Self-publishing with blurb.com
by Kate McCavitt, Oceanside, CA, USA
Blurb.com is a great option for ANY artist to create their own book, whether for PR or just to remind themselves how much they’ve grown through being an artist. The software is first rate and I only visited the online help section twice during the production. I give it four stars. It prints like it looks in the program so…. WYSIWYG. I don’t know too many artists in my stretch of the sand who can sink 90 grand into a book. Are you famous or something? Because before my friend Rich (artist) turned me on to you, I never heard of you. Don’t take that personally; I’m sure you haven’t heard of me either.
Problems with self-publishing
by Carolyn Edlund, Poughkeepsie, NY, USA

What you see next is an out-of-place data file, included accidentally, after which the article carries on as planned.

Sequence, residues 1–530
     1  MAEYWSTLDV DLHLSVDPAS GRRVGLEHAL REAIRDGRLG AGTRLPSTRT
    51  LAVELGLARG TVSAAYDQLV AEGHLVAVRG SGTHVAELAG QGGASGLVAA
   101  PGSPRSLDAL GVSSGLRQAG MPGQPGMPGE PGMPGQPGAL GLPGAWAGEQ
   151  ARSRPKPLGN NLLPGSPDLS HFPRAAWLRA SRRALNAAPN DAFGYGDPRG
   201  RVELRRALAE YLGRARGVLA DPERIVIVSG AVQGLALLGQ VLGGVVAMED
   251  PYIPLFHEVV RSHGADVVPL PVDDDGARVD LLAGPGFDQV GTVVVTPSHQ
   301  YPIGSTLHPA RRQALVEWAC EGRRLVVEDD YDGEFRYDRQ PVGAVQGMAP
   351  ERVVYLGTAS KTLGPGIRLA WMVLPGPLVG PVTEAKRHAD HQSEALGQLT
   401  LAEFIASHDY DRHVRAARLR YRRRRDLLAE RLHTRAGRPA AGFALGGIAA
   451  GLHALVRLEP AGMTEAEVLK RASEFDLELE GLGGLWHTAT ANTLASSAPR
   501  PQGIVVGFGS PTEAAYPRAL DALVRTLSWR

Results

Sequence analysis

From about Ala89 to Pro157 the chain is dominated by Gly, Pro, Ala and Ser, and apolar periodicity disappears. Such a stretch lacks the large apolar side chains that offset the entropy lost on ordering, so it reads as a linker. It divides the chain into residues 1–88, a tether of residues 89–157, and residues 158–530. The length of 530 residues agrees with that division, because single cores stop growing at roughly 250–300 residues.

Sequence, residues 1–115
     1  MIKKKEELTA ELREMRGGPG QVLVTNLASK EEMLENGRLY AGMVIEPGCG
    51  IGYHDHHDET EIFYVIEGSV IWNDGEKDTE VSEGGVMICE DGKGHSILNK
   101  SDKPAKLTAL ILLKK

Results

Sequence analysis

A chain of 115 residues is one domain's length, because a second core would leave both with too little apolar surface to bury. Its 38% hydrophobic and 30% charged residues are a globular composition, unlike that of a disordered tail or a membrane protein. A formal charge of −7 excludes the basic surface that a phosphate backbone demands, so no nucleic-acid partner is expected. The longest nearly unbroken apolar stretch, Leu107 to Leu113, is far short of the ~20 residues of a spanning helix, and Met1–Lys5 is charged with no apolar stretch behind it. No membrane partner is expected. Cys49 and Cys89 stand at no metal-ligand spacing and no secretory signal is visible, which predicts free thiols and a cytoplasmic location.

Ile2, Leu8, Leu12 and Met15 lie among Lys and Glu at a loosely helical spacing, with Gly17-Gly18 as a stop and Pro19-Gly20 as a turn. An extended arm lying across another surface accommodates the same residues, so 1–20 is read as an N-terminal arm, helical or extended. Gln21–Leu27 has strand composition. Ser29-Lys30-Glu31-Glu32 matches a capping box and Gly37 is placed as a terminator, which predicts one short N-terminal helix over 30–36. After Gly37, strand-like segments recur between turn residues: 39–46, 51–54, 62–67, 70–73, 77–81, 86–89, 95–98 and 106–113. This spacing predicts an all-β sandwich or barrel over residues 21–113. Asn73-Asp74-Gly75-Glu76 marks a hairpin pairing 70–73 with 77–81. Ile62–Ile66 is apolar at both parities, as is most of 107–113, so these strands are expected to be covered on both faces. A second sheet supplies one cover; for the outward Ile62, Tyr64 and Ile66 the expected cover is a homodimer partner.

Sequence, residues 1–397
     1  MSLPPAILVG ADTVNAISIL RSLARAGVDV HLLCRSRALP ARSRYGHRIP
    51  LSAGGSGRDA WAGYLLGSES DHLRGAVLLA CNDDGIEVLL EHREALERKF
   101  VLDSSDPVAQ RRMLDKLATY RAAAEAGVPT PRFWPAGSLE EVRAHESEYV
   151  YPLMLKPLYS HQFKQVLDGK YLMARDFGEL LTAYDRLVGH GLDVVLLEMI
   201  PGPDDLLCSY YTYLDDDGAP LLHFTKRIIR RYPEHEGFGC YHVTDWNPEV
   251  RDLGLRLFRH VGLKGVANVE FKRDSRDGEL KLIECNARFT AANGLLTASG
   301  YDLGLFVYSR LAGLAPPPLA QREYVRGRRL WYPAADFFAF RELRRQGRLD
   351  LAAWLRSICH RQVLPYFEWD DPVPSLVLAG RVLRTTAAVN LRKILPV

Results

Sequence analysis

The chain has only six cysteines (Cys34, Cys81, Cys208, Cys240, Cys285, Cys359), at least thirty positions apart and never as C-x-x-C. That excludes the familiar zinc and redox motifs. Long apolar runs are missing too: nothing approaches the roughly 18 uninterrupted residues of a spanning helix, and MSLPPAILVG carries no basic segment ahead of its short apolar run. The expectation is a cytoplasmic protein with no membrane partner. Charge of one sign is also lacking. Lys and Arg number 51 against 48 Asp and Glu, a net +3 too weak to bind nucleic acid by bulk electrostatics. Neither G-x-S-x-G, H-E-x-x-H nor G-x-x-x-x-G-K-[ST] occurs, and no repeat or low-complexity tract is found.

Congratulations on the success of your book! I’m not surprised that it was successful… your wonderful letters are eagerly anticipated and read by persons near and far with the added benefit of considerable name recognition and PR for the book. Your equally wonderful paintings attract that much more attention because of these letters. For the rest of us, I urge great caution on the prospect of publishing one’s own book. It’s a risky business. My spouse has a very successful editing business. Early in our relationship he confessed to a burning desire to be a publisher. To that, I responded in the affirmative — I’ll support you any way that I can. Thus began our flirtation with publishing. Despite his lengthy experience in the field, a good amount of research, publishers’ workshops, and a lot of sweat equity, the business went nowhere and we only accumulated significant debt. We published 5 books by a diverse group of authors. The most significant contributor to lack of success (sales) was insufficient funds to effectively promote the books.